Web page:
Should You Give Students Bonus Points? Weighing the Pros and Cons of Giving Extra Credit

Girl solving mathematical additionIn general, students love extra credit. For some, it’s an opportunity to make up for a missed assignment or a poor test grade. For others, notably the high-achievers, it’s an opportunity to excel at the highest level. However, is extra credit a strategy that is genuinely in your students’ best interests? Before you offer your next set of bonus points, consider the pros and cons of giving your students opportunities for extra credit.

The Pros of Offering Students Bonus Points

  • Serves as an extra opportunity to raise a grade at the end of a marketing period.
  • Helps students compensate for one poor test or project grade.
  • Motivates students to put in un-required but beneficial additional work effort.
  • Proactively helps students maintain high grades, in case they earn a below-average project or test score later in the marking period.
  • When used to enhance lessons, it can help deepen conceptual learning and theory understanding.
  • Provides additional practice opportunities for students struggling with a concept.
  • When offered as an opportunity to revise an assignment, it gives students motivation to understand where their work didn’t meet expectations, and learn the value of additional effort.
  • When designed as an extra-curricular engagement opportunity, students may benefit from volunteer work or event participation in which they may not have otherwise engaged.

The Cons of Offering Students Extra Credit

  • Believing there will be a future opportunity to earn points back, students may knowingly skip or underperform on an assignment, or not prepare thoroughly enough for a test.
  • Credit given for non-academic accomplishments, such as winning a game, may not offer all students a fair and equitable chance to earn bonus points.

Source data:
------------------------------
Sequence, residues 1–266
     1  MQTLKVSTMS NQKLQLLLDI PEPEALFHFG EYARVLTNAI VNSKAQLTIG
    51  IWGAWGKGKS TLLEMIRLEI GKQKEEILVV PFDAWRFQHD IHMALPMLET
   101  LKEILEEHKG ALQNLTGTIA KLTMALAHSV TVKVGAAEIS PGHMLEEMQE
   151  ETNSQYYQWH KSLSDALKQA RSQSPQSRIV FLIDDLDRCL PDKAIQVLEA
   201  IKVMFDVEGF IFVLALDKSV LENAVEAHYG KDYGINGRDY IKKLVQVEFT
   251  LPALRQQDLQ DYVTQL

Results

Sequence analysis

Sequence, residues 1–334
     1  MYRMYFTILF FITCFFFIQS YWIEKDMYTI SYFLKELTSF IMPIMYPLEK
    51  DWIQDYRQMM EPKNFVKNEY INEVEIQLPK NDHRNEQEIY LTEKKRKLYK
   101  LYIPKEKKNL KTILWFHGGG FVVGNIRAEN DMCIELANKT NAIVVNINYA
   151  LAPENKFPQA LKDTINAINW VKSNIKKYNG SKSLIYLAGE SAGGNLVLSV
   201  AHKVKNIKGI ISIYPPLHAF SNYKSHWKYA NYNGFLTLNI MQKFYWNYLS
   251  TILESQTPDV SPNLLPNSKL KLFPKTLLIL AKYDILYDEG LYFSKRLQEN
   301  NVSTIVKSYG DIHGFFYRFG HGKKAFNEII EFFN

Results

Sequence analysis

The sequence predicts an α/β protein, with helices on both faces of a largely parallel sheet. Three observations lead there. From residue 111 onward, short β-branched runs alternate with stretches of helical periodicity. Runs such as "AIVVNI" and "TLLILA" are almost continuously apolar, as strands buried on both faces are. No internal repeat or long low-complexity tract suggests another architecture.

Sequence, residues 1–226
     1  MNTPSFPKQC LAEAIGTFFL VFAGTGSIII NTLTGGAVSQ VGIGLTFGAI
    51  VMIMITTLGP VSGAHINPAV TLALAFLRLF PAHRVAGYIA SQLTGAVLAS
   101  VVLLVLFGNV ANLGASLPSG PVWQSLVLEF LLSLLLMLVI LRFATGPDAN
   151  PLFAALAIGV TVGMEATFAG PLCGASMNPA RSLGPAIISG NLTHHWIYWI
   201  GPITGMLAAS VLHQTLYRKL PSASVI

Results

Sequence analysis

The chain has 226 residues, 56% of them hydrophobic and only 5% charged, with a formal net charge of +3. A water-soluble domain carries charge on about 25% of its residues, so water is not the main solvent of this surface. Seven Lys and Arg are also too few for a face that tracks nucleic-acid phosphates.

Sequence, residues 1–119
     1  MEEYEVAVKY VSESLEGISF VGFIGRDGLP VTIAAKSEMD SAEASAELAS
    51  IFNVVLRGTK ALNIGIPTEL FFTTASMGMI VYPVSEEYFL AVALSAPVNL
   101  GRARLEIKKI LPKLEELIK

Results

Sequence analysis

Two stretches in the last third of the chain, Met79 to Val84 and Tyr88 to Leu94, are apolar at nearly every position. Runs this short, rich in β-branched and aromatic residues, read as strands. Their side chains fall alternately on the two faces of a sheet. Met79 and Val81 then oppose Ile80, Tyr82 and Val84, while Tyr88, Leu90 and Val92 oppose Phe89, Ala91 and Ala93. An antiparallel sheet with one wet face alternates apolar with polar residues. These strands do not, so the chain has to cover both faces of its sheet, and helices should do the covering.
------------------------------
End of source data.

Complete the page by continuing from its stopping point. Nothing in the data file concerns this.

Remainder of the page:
• If you give students too many extra credit opportunities, it may create an imbalance in grading, which could enable a student to pass a course even if he/she has not met all of the necessary learning standards.
  • When given as a “completion” grade, extra credit can unfairly skew a student’s overall course grade.
  • It may create more work for teachers, which could take away from planning curriculum that will benefit all students equally.

If you choose to offer your students extra credit, follow these best practices:

  • Confirm if your school district maintains a specific extra credit policy, and adhere to its requirements.
  • Align extra credit opportunities with classroom lessons to reinforce learning objectives, rather than awarding bonus points for non-academic initiatives, such as cleaning the classroom or participating in spirit days or busywork, such as recopying an essay.
  • Set defined deadlines for extra credit work.
  • Ensure extra credit assignments will not create exorbitant time pressures on you.
  • Ensure that all students have equitable access to extra credit opportunities.
  • Grade all extra credit assignments using the same standards and grading rubric for all students.
  • Set clear expectations for extra credit assignments, including what students are expected to produce, and how you will determine points earned.
  • Ensure you are not outweighing overall requirement points with bonus scores.

Remember that your ultimate goal as an educator is to produce high academic outcomes and to prepare your students for the future. Fostering creative ways to reinforce learning objectives can keep students engaged and motivated, and teach them valuable lessons about effort and responsibility. Just be sure you are not offering extra credit opportunities that are not equitable or tied to academic learning to keep students just as focused on their education as you are.

Leave a Reply

Your email address will not be published. Required fields are marked *